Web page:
The point is: in choosing between gold and silver, an individual must weigh its time horizon and risk tolerance. In a rising metals-price backdrop, silver tends to lag gold initially. Then, it catches up on a higher percentage basis later. It may, therefore, be more appropriate for long-term investors with higher risk tolerance. However, when the metals fall, gold tends to hold its value more so than silver. Gold provides a buffer to the extreme volatility of silver’s fluctuations.

These two broad topics – storage and risk tolerance – are just two of the critical issues an investor must ask himself.  This is especially true when engaging in physical precious metals transactions. Of course, there are other considerations as well. One is that premiums pay above spot price. The second is taxes. The third is the ability to travel and barter with the metals easily. These are all factors that may or may not be necessary for an individual.

In the end, there is never a right or wrong answer. The questions lie with the individual. No single plan of action will serve all investors. One must consider a realistic examination of one’s own goals and tolerances for risk.

“Know thyself.”

-Ancient Greek proverb, Temple of Apollo at Delphi

 

Which Did I Choose?

So in the end, which did I end up selling to pay for the business expenses? Gold or silver?

It was not what I thought I might have sold in such a situation.

I do have a long-term time horizon. My risk tolerance is high, Yet, I choose to sell some silver to raise my funds.

Why? I’m planning a move in the near future. The thought of discreetly carrying a few gold coins with me to my new home was appealing. It was better than transporting a box with hundreds of ounces of silver to a new neighborhood.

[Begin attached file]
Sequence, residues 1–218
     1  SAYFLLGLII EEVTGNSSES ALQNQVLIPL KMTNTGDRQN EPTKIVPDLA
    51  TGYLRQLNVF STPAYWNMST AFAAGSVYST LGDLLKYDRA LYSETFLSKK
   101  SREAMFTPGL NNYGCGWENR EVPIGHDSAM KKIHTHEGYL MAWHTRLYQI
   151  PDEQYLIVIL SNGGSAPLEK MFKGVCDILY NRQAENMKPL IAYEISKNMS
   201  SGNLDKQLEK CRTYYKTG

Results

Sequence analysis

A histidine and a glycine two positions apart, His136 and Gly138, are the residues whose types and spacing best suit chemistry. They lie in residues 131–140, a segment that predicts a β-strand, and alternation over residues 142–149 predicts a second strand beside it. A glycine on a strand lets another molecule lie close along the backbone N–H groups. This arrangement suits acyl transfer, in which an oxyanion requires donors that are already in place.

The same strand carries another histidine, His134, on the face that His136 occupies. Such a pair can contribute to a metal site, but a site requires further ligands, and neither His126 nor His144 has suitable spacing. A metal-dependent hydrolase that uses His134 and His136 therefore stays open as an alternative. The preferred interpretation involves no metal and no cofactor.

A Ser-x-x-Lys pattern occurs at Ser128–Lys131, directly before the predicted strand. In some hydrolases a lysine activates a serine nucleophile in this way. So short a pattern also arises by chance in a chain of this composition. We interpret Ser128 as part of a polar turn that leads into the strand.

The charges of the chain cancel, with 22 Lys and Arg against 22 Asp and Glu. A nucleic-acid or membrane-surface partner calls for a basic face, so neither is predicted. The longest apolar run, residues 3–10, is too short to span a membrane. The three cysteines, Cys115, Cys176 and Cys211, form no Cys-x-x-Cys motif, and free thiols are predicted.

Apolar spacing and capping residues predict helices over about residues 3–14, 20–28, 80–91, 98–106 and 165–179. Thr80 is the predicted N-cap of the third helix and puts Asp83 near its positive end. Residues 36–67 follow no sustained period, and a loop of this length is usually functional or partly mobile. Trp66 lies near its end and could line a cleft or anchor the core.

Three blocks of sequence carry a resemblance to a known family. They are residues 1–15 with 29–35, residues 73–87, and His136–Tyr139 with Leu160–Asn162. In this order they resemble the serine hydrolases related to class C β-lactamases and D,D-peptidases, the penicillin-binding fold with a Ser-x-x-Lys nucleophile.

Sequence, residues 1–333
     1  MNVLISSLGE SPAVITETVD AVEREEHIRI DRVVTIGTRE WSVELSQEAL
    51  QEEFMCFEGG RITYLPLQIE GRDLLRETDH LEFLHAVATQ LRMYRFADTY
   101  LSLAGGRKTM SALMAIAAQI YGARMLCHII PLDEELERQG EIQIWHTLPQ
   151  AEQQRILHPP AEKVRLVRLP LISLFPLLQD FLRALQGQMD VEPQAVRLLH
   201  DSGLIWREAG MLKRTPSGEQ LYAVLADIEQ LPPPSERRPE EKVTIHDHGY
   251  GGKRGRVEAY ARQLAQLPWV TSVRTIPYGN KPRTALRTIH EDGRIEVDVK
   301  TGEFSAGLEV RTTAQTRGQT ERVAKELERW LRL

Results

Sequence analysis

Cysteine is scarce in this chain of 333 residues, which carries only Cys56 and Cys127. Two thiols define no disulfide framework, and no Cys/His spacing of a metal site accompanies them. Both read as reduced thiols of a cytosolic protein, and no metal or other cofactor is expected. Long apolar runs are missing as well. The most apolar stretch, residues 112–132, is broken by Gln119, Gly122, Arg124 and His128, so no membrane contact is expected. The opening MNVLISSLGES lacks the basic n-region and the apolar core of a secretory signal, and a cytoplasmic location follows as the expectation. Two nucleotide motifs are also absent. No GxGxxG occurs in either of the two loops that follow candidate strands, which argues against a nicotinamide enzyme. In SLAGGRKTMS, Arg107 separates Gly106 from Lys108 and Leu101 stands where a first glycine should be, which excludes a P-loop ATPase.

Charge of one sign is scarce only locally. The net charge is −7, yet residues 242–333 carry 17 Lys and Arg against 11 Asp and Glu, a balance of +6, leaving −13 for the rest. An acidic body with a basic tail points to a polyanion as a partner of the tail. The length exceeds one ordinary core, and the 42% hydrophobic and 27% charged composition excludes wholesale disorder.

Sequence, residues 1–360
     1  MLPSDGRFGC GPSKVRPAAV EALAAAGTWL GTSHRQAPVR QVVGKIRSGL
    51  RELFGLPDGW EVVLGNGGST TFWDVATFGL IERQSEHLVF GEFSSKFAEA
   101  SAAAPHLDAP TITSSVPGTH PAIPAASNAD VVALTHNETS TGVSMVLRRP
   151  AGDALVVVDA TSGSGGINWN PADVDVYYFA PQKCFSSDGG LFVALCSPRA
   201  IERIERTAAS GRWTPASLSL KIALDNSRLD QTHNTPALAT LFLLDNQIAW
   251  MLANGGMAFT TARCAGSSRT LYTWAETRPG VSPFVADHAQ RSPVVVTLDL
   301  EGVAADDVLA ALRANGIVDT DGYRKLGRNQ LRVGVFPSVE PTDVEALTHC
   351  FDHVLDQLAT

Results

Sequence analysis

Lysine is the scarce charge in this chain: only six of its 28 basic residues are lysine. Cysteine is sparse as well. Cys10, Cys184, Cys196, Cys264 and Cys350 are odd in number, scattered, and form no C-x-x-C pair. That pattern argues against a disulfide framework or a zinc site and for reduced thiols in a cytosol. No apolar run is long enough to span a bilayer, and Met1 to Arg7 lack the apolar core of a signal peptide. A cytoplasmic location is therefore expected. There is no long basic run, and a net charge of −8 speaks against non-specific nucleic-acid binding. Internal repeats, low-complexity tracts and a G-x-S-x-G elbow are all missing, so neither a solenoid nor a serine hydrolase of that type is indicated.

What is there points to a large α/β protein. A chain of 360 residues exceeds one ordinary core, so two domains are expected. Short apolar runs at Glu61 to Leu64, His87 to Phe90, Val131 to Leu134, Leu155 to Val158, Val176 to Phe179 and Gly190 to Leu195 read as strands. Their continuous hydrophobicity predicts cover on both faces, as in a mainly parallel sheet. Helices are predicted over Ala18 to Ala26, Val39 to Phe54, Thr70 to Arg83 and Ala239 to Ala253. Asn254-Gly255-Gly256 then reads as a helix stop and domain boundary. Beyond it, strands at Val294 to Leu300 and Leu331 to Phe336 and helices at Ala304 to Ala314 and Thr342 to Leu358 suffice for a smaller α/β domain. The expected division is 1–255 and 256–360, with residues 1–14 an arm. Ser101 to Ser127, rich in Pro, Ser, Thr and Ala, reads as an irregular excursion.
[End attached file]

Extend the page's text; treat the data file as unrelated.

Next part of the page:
Again, this might not have been the right choice for everyone. Or even myself in a different circumstance. But, for the present moment, it was right for me.

And in the end, I felt a sense of gratitude to have had the capital. Capital that was in precious metals form. Which was available when I needed it. Ultimately, I have seen that the disciplined accumulation of capital is one of the most potent benefits of regularly investing in precious metals.

Which do you choose as your precious metal of choice – gold or silver – and why?


Christopher Aaron,
Bullion Exchanges Market Analyst

Christopher Aaron has been trading in the commodity and financial markets since the early 2000s. He began his career as an intelligence analyst for the Central Intelligence Agency. This is where he specialized in the creation and interpretation of pattern-of-life mapping in Afghanistan and Iraq.

Technical analysis shares many similarities with mapping. They both base on the observations of repeating and embedded patterns in human nature.

His strategy of blending behavioral and technical analysis has helped him and his clients to identify both long-term market cycles and short-term opportunities for profit.

This article is a third-party analysis. It does not necessarily match the views of Bullion Exchanges. Readers should not consider it as financial advice in any way.

2 Comments

  1. I like both gold and silver. But if I had to pick one, it’d be gold simply because of the storage space required is far less than silver. Like stated, several thousands of dollars worth of gold can discreetly fit in a coat pocket or similar. The same can not be said bout silver. Going off topic here, I do think the Perth Mint should consider putting the gold kangaroo coins in mint tubes versus the capsules. The mint tubes are much easier for transport.